As you would expect, the Bulls offense has not done well. They find themselves in the bottom of the Association offensively, ranking near the bottom in offensive efficiency and effective field goal percentage. Without Rose, they have struggled to finish at the rim. They get about 29 shots a game inside the restricted area, but are only shooting 55.3 percent, good for second worst in the league. Carlos Boozer's decline hasn't helped the Bulls offense. Although he's shooting 60 percent inside the restricted area, the majority of his attempts have been jumpers, and he's only shooting 38.6 percent in the midrange area. Butler and Deng are the team's best offensive players, but are hobbled so look for Boozer to see more touches than usual.

One thing that remains consistent with the Bulls is their defense. They're top five in defensive efficiency, opponent's effective field goal percentage and opponent free throw rate. When we spoke about the Pacers defense on Monday, we mentioned where shots are taken as a key factor in their defensive success. This concept is key to Chicago's continued success as well. Teams are only getting 25 attempts a game inside the restricted area and are only shooting 57 percent, both marks being in the top five. Their success also comes into play on the perimeter. They lead the league in opponent midrange shots per game, goading teams in 28 attempts a night and holding them to 37.2 percent, both near the top of the league.

Player to watch: Joakim Noah

Noah is all by himself once again. With everyone injured, Noah has had to be the Bulls' best player. His numbers are more than respectable for a low usage Center, averaging 10.6 points, 9.9 rebounds, and 3.3 assists per game. He's having the worst shooting season of his career, but that could be the result of Noah dealing with a knee contusion and thigh bruise throughout the year.

Those injuries could be why the Bulls have been so bad defensively with him on the court. Chicago is allowing 103.1 points per 100 possessions with Noah in the game, 12 (!!!) points worse than when he is out of the game. He's doing a good job defending the rim when he's in the game, allowing 45 percent efficiency when he's defending. As someone who hasn't seen the Bulls play that often, maybe the lineups he are in are the cause of the team's struggles with him on the court? The Bulls' worst defensive lineups with Noah in the game feature Boozer, Dunleavy & Hinrich, two poor defenders and an injured, gritty dude.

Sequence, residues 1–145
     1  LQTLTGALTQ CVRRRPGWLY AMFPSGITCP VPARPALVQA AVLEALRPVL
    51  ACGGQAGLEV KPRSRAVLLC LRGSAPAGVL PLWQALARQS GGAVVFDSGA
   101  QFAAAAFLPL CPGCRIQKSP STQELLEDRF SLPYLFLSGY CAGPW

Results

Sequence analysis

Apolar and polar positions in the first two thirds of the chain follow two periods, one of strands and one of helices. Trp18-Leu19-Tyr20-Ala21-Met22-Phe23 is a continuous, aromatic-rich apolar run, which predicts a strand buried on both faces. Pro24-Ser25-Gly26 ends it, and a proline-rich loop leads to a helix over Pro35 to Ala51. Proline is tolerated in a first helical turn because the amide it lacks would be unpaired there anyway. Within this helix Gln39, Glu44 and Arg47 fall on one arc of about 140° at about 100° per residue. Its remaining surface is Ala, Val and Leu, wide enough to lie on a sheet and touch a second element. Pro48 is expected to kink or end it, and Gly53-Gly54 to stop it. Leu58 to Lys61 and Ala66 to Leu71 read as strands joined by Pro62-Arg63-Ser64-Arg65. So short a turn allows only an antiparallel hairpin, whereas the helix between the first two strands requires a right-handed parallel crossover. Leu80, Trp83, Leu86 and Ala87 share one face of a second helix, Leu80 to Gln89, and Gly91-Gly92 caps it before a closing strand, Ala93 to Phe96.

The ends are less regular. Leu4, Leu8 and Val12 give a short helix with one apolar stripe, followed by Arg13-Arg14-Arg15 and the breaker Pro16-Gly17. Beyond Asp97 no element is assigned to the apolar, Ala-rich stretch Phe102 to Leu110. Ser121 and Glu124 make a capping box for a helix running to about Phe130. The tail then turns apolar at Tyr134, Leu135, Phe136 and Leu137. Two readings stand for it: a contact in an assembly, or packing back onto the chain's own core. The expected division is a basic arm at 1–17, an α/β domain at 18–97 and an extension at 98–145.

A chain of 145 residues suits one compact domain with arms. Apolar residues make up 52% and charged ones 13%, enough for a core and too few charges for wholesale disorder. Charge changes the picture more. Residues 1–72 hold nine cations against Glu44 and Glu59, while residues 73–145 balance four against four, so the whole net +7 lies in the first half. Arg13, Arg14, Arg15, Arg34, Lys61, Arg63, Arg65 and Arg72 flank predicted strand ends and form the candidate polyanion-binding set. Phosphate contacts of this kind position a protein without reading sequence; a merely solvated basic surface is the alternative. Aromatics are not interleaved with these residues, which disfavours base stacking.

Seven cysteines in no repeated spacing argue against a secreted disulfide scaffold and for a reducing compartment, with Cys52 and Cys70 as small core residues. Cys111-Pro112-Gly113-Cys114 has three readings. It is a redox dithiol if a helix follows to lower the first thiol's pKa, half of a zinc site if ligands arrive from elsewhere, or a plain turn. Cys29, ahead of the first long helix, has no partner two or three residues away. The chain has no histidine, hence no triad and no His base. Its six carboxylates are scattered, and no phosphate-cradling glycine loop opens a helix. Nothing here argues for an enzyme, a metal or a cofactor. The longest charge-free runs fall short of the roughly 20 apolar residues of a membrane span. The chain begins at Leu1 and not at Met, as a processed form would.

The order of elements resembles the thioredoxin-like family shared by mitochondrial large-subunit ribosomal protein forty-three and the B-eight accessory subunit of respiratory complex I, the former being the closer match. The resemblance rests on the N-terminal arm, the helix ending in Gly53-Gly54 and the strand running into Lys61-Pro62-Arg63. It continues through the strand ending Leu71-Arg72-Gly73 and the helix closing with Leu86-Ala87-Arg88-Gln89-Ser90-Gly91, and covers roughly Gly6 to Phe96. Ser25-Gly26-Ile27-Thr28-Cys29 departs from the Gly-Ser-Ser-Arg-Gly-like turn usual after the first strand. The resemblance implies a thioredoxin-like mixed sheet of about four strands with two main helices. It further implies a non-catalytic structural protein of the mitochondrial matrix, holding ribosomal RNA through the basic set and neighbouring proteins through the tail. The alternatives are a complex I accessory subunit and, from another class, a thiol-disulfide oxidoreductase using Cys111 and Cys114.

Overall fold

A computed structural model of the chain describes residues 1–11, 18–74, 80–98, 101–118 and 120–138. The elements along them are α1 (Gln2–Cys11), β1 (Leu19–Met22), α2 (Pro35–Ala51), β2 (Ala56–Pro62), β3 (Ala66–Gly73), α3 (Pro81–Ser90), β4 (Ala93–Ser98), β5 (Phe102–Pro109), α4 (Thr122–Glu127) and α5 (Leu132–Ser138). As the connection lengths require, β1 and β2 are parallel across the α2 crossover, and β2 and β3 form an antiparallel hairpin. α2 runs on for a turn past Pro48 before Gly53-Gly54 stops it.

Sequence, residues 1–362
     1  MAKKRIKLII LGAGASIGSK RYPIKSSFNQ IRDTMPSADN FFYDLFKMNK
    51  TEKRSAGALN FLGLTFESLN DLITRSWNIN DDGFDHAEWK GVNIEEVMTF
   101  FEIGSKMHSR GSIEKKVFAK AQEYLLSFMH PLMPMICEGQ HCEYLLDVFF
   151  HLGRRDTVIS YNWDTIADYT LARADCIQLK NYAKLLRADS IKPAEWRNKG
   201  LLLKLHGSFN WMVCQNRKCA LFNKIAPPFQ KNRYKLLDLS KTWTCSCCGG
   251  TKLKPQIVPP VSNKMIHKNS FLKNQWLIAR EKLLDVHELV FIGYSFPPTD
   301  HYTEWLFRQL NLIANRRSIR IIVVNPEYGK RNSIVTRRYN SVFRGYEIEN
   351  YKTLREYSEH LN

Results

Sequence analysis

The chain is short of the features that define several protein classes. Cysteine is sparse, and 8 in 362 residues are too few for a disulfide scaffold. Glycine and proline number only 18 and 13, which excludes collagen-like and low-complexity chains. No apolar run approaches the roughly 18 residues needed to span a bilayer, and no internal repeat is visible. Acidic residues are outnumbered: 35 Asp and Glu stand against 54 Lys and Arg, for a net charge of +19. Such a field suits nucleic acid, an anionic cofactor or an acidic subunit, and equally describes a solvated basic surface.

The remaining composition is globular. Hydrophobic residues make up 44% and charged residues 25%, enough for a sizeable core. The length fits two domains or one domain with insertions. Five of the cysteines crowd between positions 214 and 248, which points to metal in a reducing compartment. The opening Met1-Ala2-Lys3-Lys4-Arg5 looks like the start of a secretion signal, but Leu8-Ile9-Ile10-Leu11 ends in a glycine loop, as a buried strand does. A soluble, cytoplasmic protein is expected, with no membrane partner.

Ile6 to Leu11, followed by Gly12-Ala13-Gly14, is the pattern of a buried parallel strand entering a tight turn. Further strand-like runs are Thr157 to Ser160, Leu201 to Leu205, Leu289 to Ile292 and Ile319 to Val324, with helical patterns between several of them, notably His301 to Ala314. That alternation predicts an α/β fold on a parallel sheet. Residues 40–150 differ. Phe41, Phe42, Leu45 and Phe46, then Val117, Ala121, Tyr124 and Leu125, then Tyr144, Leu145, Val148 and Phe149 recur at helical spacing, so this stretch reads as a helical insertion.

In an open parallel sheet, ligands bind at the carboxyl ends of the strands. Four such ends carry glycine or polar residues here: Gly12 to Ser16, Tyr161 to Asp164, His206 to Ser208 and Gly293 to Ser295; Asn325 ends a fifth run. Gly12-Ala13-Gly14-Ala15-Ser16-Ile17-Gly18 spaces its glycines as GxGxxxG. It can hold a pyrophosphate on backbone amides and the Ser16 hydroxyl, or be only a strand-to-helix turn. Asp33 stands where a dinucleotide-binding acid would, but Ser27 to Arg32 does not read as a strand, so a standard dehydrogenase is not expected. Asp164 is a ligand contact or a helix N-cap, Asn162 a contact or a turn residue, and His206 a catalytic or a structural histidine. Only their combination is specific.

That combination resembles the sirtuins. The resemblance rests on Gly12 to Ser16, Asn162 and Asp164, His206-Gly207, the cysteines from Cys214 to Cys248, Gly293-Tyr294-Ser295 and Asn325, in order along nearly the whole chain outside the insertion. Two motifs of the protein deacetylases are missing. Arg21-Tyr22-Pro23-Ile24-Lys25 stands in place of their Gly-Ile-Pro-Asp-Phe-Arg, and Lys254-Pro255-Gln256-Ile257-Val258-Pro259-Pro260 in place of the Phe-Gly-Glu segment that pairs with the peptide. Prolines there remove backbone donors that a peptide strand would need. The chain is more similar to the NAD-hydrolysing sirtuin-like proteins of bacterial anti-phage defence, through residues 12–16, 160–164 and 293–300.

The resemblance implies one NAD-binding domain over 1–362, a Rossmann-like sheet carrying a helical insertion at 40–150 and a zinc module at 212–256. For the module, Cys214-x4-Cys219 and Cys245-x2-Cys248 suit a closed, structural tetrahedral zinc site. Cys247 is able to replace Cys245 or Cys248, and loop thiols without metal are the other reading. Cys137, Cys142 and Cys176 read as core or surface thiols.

Noah has the clear advantage over the Nets big men in this matchup. The first game back at the Center position pitted Kevin Garnett against Roy Hibbert and Noah is no pushover. Noah has the quickness edge over Garnett and will probably punish him and Andray Blatche on the glass. With the continued struggles of Garnett and the history of chippiness between these two, look for Noah to dominate.

Oh yeah! The Christmas Jerseys too!

The Nets and Bulls will also be sporting their Christmas jerseys today. Logos, but no numbers on the front and short sleeves. Plumlee modeled it Christmas morning.

From the Vault

Since it's Christmas, head on back to 1990 and watch Michael Jordan in action against the Pistons on Christmas.

More reading: Blog a Bull

  • Brooklyn Nets Game Notes - Brooklyn Nets
  • Chicago Bulls Game Notes - Chicago Bulls
  • Bulls-Nets Preview - Taylor Bechtold - STATS LLC
  • Starting Five: Two critical games ahead - Mike Mazzeo - ESPN New York
  • Notebook: Kirilenko's back (maybe) - Mike Mazzeo - ESPN New York
  • Starting Five: Have injuries derailed Nets? - Mike Mazzeo - ESPN New York
  • Merry Christmas? Not in New York - Brian Windhorst - ESPN
  • As Rematch Looms, Nets Are No Closer to Finding Themselves - Andrew Keh - New York Times
  • Uncomfortable times for Nets - Andy Vasquez - The Record
  • Kevin Garnett dismisses Jason Kidd's critique, but admits Nets lack identity - Stefan Bondy - New York Daily News
  • When Nets don’t have Williams or Lopez (half the time), they’re 32-68 - Tim Bontemps - New York Post
  • Nets rewind: Paging the cardiology department - Tim Bontemps - New York Post
  • Top 5 Nets storylines of 2013 - Tim Bontemps - New York Post
  • ‘I don’t know what we are’: Nets still grasping for identity - Howie Kussoy - New York Post
  • What to watch for against the Bulls - Brian Erni - SNY Nets
  • Nets face yet another identity crisis without Brook Lopez - Shlomo Sprung - Sheridan Hoops
  • Christmas Day preview: Atlantic disappointments, Miami's streak and Curry-Paul redux - Sean Deveney - The Sporting News
  • Nets, Knicks are in a New York state of bind - Michael Lee - Washington Post
  • Nets Gains and Losses: Losing Lopez the Biggest Loss of All - Lenn Robbins - Brooklyn Nets